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Connecting Crystal Osscilators?

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grrr_arrghh

New Member
Hi

i am trying to make an accurate clock, using a crystal and some cascaded 4017 or 4026 ICs

I can use 10, 16 or 18.432 MHz crystals. The diagram below shows how someone suggested I use the crystal. Could connect the bit marked output on the diagram straight to the input of the 4017/4026?

As my clock needs only to count up in 1/100s of a second, how would i divide/multiply the output of the crystal to get 100Hz?

All help greatly appreciated

Tim
 

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Styx

Active Member
off the top of my head the easiest way to divide a clock is via using cascaded T-type's (toggle D-type registers) You can make a toggle from J-K flip-flop.

By using the output of yr clock as the toggle input to the first T-type. Use the 1st T-type output to be the 2nd T-types input. 2nd T-type output to third T-types input.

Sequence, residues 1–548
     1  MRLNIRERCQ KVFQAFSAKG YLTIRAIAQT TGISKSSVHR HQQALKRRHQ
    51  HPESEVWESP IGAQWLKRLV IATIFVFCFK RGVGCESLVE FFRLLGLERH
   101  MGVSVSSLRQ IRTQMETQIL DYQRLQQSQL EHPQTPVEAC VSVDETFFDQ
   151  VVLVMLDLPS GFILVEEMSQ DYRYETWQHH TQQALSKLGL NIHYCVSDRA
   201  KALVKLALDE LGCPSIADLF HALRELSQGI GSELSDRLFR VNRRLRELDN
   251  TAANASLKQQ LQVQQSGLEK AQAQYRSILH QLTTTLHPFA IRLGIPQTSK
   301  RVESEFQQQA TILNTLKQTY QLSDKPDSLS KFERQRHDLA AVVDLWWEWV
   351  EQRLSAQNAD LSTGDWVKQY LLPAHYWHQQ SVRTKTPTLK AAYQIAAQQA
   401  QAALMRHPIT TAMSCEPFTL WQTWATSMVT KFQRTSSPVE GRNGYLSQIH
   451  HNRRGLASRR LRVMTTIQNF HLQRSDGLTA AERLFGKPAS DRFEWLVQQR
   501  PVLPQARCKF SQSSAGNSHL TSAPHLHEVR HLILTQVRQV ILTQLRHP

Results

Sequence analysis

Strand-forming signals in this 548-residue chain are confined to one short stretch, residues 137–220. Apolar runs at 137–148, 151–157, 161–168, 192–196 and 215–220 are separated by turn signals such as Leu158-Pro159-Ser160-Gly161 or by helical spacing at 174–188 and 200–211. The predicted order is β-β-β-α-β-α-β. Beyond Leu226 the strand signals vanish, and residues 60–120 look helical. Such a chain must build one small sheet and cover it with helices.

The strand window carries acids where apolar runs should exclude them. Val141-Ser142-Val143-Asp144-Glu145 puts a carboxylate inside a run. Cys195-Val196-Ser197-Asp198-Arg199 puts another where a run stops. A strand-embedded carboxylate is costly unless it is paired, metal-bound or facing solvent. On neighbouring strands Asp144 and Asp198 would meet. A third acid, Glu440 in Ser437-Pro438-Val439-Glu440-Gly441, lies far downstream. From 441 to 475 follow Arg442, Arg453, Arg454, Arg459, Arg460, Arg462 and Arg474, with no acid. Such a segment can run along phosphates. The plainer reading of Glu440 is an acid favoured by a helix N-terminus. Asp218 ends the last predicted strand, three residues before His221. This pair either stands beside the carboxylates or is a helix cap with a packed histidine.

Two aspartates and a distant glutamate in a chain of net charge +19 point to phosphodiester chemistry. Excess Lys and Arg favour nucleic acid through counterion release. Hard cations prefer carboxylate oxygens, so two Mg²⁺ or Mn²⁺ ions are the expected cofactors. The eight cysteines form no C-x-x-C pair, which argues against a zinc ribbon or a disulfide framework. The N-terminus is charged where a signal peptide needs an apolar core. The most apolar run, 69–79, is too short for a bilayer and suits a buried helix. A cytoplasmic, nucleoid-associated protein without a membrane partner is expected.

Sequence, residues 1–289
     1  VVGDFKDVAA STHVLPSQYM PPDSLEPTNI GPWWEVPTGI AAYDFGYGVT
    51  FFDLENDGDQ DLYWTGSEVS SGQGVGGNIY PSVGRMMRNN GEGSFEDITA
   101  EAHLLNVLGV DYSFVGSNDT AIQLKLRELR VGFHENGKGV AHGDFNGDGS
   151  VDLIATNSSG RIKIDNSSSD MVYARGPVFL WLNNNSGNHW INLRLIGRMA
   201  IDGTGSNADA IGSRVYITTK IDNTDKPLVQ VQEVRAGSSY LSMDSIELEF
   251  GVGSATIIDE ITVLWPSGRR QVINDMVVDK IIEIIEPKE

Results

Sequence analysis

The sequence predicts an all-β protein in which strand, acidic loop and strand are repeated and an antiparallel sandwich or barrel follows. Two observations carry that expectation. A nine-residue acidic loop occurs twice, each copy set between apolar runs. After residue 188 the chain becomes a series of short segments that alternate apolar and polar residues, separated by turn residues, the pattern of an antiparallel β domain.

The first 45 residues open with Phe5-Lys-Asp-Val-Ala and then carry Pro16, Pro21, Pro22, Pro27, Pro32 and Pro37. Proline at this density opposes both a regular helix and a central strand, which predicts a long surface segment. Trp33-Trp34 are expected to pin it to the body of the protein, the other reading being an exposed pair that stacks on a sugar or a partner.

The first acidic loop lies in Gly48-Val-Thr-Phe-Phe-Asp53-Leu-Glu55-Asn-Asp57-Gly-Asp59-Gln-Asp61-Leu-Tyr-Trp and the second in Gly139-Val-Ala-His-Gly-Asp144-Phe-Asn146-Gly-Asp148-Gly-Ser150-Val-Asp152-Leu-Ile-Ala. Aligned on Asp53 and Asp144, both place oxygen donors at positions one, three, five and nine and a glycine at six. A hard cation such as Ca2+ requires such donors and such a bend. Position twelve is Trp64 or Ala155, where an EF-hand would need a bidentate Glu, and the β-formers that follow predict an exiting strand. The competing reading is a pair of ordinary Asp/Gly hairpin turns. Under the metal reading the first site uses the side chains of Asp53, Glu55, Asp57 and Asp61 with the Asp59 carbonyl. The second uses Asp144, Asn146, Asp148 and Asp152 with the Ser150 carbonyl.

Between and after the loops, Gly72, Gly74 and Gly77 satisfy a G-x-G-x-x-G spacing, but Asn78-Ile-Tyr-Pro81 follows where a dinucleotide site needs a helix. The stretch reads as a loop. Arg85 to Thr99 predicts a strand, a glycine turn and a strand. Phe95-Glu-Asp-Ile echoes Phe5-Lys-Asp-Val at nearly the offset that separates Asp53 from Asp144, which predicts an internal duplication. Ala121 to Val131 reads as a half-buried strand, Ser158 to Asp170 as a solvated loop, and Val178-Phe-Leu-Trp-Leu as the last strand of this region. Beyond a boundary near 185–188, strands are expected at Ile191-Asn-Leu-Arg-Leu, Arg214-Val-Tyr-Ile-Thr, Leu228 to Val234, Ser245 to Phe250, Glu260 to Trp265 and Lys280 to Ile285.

Keep this up. Each output will be a factor of 2 in frequency down from the previous output.


However you say you have a MHz range crystal.It will take alot of D-type to sub-divide. Why can't you use a 32kHz crystal. That is the standard value for timing?
 

grrr_arrghh

New Member
oh, ok

thanks - the reason for the values was that they were just what i had to hand, but i can get a 32K if thats what u recomend.

what ICs have JK flip-flops in them? Also, any chance someone could draw me a quick diagram of how to connect them up? (i am in new teritory as far as electronics are conncerned)

How would i divide a 32K to get 100Hz (if divided by a factor of 2, closest I can get is 125Hz, or do I divide to 1000Hz, then divide by 10?)

Last question: if I used te diagrams above, and chose a 10M resistor that was spot on 10M, would the accuracy of the clock be limited to the accuracy of the crystal?

Thank you VERY much

Tim
 

panic mode

Well-Known Member
Did you think of using CD4060 chip and 16.384MHz, 8.192MHz or 4.096MHZ crystals?
 
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